Little did the founding mothers know when they incorporated in 1977 under the name Marin Abused Women’s Services (MAWS) that their vision would become the basis for a thriving, life-saving organization. In the words of our champion founder, Honorable Judge Kay Tsenin, “We wanted a place where women could be safe, get the help they needed, and maybe gain the skills necessary to support a living wage.”
Over time, we grew this vision, and this vision grew us. Not willing to be idle or satisfied with addressing only the immediate needs of domestic violence victims, MAWS’ Board of Directors pioneered ongoing strategic planning processes to generate long-term frameworks for transformational social change. The experience we gained working with more than 210,000 women, children, and men over the past 40 years has deepened our analyses of why violence against women exists and how violence is used by men and women in heterosexual, LGBTQ, and teen/young adult relationships.
During our four decades of ever-expanding and deepening work, we have been at the forefront of developing several groundbreaking programs in the country: transitional housing, teen dating violence prevention training, an intervention program for men who are violent, sector liaisons as part of a comprehensive community response network to domestic violence, and, most recently, intervention and support services for teens and children exposed to domestic violence (a program called In This Together).
Our strength and success is attributed, in part, to our core commitment to staying true to our organizational “north star” – being survivor-defined. The experiences of individuals impacted by domestic violence continue to guide us to the next evolutionary step towards fulfilling our organization’s purpose. The recent growth and expansion of In This Together, for example, can be traced back to what survivors told us they needed: support for healing their relationships with their children, and support for their young teens to learn new ways to build healthy and safe relationships.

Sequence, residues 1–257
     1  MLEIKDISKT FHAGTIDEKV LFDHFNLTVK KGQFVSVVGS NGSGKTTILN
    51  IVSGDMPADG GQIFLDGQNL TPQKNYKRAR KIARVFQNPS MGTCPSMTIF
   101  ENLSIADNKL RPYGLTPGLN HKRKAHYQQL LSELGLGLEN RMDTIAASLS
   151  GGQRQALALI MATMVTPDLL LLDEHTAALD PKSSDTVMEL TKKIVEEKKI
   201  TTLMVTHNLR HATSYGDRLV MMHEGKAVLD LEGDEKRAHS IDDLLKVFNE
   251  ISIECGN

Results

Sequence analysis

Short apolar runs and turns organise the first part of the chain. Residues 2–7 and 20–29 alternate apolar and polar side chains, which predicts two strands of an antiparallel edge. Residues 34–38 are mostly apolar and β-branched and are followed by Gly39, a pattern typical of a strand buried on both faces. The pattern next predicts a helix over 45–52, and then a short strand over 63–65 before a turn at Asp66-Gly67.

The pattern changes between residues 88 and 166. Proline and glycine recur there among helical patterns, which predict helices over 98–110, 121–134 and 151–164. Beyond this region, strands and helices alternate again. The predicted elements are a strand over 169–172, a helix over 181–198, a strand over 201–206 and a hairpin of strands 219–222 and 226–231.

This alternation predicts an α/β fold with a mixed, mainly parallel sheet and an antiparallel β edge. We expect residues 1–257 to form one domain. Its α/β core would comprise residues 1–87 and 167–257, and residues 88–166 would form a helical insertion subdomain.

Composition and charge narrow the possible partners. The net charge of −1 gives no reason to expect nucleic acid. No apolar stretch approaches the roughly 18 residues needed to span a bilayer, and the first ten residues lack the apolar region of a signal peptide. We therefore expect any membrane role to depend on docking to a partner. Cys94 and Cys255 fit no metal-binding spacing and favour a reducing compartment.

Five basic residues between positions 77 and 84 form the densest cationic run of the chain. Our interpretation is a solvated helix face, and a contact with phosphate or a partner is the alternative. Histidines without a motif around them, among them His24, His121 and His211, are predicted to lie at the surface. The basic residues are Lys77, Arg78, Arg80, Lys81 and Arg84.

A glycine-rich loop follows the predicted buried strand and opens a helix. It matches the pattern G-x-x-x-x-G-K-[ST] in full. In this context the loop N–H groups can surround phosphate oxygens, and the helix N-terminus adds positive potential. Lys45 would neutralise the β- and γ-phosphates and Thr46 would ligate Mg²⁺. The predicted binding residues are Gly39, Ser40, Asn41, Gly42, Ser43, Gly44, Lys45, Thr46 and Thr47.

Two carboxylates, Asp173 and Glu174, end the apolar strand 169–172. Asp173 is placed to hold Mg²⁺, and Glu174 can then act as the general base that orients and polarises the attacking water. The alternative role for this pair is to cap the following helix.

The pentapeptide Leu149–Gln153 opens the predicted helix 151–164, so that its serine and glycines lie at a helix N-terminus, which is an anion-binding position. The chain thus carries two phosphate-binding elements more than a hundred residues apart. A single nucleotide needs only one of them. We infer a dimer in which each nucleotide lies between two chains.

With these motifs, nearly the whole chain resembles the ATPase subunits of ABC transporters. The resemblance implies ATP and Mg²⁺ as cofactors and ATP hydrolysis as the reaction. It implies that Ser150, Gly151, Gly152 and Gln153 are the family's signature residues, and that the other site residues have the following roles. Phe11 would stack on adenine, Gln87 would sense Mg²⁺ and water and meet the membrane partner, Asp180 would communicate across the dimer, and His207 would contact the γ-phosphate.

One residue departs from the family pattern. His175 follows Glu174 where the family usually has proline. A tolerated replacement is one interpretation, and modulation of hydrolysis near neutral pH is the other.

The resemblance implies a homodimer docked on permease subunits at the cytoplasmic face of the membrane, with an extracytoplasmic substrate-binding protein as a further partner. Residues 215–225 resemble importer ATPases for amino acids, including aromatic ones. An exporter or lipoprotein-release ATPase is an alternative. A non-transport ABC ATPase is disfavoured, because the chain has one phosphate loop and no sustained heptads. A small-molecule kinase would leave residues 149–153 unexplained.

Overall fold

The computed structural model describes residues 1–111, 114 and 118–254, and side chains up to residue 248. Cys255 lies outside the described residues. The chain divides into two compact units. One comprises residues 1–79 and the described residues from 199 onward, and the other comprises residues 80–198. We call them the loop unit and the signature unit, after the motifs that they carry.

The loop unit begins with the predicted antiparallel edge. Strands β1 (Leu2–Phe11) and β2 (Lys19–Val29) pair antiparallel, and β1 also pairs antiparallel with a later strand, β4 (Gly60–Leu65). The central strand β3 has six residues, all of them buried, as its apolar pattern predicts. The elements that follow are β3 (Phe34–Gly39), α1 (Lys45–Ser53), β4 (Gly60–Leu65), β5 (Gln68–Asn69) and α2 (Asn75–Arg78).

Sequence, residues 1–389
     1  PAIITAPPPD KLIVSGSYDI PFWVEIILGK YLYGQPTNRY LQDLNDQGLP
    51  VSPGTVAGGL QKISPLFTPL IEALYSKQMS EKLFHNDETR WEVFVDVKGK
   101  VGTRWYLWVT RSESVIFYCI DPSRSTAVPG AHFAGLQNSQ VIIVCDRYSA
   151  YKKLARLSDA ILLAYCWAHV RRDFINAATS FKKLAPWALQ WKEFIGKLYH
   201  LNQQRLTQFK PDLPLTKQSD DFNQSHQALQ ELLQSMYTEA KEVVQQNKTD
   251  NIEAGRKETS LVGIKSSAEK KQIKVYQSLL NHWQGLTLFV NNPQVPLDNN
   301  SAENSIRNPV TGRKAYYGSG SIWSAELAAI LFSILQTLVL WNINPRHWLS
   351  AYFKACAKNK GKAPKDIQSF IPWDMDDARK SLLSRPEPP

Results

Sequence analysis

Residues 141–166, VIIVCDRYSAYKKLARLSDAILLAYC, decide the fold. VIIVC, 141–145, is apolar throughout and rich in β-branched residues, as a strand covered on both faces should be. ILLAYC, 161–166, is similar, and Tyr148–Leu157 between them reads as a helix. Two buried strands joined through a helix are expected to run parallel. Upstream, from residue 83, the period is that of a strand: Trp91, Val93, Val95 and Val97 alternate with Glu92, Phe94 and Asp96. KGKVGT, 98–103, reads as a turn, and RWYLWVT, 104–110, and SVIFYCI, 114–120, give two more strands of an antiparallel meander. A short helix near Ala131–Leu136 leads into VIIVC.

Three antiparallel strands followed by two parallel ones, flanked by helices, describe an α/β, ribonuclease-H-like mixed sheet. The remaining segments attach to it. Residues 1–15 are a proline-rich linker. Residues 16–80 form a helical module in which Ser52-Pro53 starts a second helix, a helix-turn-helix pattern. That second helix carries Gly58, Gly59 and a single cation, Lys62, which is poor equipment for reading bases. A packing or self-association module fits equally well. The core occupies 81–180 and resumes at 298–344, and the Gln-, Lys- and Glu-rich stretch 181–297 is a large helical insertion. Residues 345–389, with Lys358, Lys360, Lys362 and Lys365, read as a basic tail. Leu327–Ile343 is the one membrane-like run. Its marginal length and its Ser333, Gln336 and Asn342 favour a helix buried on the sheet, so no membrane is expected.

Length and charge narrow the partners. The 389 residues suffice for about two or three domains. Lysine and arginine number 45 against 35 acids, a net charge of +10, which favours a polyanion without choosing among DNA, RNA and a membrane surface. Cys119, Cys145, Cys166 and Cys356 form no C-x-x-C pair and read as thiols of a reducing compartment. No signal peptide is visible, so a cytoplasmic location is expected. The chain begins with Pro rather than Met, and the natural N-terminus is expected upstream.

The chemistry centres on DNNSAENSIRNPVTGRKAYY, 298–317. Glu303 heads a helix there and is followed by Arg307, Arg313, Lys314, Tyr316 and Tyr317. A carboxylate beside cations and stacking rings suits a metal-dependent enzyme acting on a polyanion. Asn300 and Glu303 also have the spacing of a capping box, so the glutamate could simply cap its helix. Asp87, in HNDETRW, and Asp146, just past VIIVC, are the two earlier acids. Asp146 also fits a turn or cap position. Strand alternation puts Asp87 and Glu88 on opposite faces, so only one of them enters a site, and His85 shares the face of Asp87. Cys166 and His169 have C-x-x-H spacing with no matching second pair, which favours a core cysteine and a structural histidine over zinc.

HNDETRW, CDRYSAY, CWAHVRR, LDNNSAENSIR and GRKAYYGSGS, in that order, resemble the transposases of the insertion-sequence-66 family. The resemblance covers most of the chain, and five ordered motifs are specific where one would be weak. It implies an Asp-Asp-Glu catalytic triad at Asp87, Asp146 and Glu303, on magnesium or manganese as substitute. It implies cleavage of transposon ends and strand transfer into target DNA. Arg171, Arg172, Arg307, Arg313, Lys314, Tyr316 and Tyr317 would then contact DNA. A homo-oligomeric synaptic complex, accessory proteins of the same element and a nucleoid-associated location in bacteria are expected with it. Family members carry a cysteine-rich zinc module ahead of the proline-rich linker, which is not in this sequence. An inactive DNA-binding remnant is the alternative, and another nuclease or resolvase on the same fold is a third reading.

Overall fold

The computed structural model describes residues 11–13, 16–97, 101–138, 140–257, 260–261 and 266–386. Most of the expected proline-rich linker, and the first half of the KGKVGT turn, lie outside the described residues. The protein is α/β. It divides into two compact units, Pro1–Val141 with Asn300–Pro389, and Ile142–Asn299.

In 2010, we changed our name to Center for Domestic Peace (C4DP) because we wanted our name to reflect our vision of transforming our world into a place where domestic peace is possible – and where all relationships and families are healthy and violence-free. As our new services have developed over the past few years, we have witnessed, and are witnessing, a deep healing of families that will forever alter their futures. Kate Kain, Deputy Executive Director, who has been leading the development of these services, said it best: “Our In This Together group therapy program for children and their non-abusing parent has moved the needle from families being traumatized by fear and hurt from violence to a place of renewal, trust, and joy. To see the transformation of these children and their parents as they free themselves from the abuser-controlled family system is nothing short of breathtaking.”
Our dedication to moving the needle forward these past 40 years has fueled and deepened our capacity and commitment to transforming lives, one individual, one family, and one community at a time. In reflecting on our four-decade long journey of saving lives, we remember all those who have been impacted by domestic violence, whose experiences continue to teach us how to grow a world where relationships based on domestic peace are the new norm. And we thank and celebrate each and every person who has been a part of this journey with us.